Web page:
For years, people have enjoyed the benefits of cooking on gas but have we become complacent when it comes down to maintain our cooking appliances. We did a survey of our customer base over a period of 20 years. We found that on average, only 15% of consumers who possess a gas cooking appliance, actually had it serviced regularly.
Unlike modern boilers and certain gas fires, gas cooking appliances do not utilise a flue for extracting the burnt waste gases (inc carbon monoxide), rather they are designed to burn gas at a slow enough rate to prevent rapid & excessive build up of carbon monoxide in a room. However, just like any other gas appliance, external factors can influence how well or poorly the gas actually burns. Every year we receive a number of call-outs to faulty burners on hobs & cookers. Often they are burning yellow flames as in the picture above. We always try always try to encourage consumers about how they can protect themselves from poorly maintained appliances. We recommend the following advice;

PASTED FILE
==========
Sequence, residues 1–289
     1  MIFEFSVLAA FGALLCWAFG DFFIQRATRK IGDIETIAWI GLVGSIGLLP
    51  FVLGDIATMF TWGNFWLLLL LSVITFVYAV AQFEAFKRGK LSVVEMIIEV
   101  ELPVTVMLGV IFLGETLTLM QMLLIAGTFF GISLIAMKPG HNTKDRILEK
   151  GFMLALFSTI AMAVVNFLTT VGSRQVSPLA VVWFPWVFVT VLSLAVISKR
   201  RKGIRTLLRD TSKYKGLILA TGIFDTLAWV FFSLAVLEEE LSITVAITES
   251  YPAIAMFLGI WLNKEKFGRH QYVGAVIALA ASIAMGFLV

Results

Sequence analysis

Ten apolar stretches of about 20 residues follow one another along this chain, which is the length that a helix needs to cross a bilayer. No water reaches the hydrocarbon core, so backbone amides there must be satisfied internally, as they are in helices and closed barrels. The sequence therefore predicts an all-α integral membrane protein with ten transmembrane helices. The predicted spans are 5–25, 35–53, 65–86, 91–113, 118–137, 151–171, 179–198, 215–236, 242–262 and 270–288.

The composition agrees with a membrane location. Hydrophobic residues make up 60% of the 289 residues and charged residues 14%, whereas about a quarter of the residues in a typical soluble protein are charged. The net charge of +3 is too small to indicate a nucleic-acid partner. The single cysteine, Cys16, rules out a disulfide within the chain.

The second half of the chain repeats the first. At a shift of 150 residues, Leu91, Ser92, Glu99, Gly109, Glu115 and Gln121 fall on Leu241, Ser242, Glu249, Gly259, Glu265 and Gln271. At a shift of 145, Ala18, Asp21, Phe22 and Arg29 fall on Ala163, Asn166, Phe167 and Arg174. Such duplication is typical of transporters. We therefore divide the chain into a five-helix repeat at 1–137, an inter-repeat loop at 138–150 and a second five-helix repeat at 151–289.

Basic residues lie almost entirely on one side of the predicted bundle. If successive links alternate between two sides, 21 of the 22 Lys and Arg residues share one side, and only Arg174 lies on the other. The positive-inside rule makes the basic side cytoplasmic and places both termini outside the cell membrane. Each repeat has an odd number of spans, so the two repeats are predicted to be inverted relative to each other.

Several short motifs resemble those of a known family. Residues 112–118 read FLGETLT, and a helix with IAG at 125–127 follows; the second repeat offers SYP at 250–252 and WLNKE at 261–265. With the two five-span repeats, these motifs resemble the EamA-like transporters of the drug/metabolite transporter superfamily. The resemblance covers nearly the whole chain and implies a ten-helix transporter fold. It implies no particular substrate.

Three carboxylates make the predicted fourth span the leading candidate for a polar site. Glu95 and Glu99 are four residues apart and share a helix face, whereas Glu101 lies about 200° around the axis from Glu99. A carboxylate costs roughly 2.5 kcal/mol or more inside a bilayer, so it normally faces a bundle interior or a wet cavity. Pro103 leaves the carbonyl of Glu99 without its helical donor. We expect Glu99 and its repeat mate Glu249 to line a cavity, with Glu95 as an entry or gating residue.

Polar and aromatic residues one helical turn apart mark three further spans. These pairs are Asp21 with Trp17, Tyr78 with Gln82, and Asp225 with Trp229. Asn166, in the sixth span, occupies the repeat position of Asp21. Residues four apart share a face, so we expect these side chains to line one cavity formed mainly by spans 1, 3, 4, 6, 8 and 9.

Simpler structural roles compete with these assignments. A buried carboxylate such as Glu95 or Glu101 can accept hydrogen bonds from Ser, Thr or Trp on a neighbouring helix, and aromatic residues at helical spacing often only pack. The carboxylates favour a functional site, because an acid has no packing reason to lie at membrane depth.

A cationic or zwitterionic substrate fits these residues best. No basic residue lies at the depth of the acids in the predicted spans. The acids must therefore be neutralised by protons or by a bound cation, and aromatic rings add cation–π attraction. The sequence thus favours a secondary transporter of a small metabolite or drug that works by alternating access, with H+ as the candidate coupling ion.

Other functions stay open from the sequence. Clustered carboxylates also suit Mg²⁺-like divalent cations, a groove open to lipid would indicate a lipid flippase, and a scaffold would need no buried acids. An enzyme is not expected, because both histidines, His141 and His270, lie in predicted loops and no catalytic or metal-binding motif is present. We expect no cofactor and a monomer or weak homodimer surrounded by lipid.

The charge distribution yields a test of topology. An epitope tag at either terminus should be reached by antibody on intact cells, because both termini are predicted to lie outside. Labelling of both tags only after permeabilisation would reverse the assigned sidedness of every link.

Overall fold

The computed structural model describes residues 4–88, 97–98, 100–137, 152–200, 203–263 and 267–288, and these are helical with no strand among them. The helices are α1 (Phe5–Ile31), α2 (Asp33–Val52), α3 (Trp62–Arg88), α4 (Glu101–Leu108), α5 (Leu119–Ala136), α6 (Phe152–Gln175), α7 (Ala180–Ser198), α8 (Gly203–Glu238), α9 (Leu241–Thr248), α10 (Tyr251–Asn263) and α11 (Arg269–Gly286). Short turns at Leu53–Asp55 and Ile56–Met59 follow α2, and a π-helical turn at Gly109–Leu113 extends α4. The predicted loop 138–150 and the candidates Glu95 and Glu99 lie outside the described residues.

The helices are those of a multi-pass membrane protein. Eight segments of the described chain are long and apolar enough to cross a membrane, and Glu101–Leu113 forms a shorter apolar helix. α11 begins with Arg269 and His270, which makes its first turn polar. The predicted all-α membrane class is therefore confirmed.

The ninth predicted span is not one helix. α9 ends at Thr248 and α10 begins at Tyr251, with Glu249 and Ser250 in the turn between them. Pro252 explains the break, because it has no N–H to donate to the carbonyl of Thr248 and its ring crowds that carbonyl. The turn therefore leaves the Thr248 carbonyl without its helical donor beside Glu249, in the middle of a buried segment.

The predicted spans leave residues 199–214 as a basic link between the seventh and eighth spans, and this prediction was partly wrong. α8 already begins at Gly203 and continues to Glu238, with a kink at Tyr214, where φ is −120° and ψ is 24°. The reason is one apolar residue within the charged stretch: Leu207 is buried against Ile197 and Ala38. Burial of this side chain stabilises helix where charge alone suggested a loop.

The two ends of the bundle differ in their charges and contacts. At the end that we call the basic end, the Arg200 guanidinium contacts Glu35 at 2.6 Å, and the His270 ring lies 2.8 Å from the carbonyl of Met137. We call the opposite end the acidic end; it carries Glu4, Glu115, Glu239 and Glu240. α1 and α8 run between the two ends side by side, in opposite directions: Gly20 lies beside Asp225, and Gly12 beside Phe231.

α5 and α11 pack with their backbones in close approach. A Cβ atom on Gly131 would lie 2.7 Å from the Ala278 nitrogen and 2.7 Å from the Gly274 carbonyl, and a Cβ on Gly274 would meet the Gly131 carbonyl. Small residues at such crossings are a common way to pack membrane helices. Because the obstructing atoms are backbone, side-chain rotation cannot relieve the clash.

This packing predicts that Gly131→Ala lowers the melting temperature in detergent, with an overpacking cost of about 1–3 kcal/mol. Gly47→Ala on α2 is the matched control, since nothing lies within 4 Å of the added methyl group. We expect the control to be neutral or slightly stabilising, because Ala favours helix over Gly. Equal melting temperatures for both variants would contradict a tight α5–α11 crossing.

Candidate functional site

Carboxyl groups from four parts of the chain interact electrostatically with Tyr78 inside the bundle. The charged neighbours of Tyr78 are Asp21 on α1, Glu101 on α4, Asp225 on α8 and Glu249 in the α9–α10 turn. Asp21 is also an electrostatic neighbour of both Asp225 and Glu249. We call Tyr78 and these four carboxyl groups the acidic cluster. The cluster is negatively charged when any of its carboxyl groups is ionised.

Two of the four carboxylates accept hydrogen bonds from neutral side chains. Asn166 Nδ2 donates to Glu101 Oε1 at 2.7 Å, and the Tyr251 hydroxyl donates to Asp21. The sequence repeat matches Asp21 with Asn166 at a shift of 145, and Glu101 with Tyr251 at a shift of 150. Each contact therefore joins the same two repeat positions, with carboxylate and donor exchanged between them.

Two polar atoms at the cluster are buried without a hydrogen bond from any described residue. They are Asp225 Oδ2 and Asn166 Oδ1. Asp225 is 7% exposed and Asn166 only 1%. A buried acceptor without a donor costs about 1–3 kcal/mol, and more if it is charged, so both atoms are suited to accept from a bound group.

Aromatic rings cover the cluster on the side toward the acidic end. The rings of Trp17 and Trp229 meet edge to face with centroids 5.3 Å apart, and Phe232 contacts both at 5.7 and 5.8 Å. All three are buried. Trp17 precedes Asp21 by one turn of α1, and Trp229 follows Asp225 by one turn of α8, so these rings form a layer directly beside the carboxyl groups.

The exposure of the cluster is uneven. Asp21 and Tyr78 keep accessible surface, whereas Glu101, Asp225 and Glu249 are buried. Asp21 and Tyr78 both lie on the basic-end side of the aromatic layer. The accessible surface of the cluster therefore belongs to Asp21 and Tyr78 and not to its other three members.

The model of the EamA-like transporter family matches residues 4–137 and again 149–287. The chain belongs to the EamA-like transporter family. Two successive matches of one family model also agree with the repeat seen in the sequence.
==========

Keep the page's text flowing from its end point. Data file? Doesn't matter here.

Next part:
- Remove and clean all detachable burners & burner caps regularly.
- Soak them in hot water to dissolve grease & fat.
- Remove any excess food deposits and solids.
- Clean up spillages as soon as it is safe to do so.
- Be aware of yellow flames and unusual smells.
- Have carbon monoxide alarm installed nearby.
- Don’t take risks.
All of the above action points should be considered regularly. But sometimes, the above actions cannot be relied upon alone. Carbon Monoxide is an invisible and odourless deadly gas. It can even be deadly when there appears to be a clear blue-looking flame. So how do you know if it is present? The only way to confirm this is via an annual safety inspection. By doing this, we can use special analysing equipment to take sample readings from the burnt gases. From the readings given, we can assess if the appliance is safe to continue to use or if requires immediate professional attention. Of course, we always recommend a carbon monoxide alarm as a 24 hour back-up, but don’t be tempted to solely rely on just having a detector. An annual service could be a life-saver.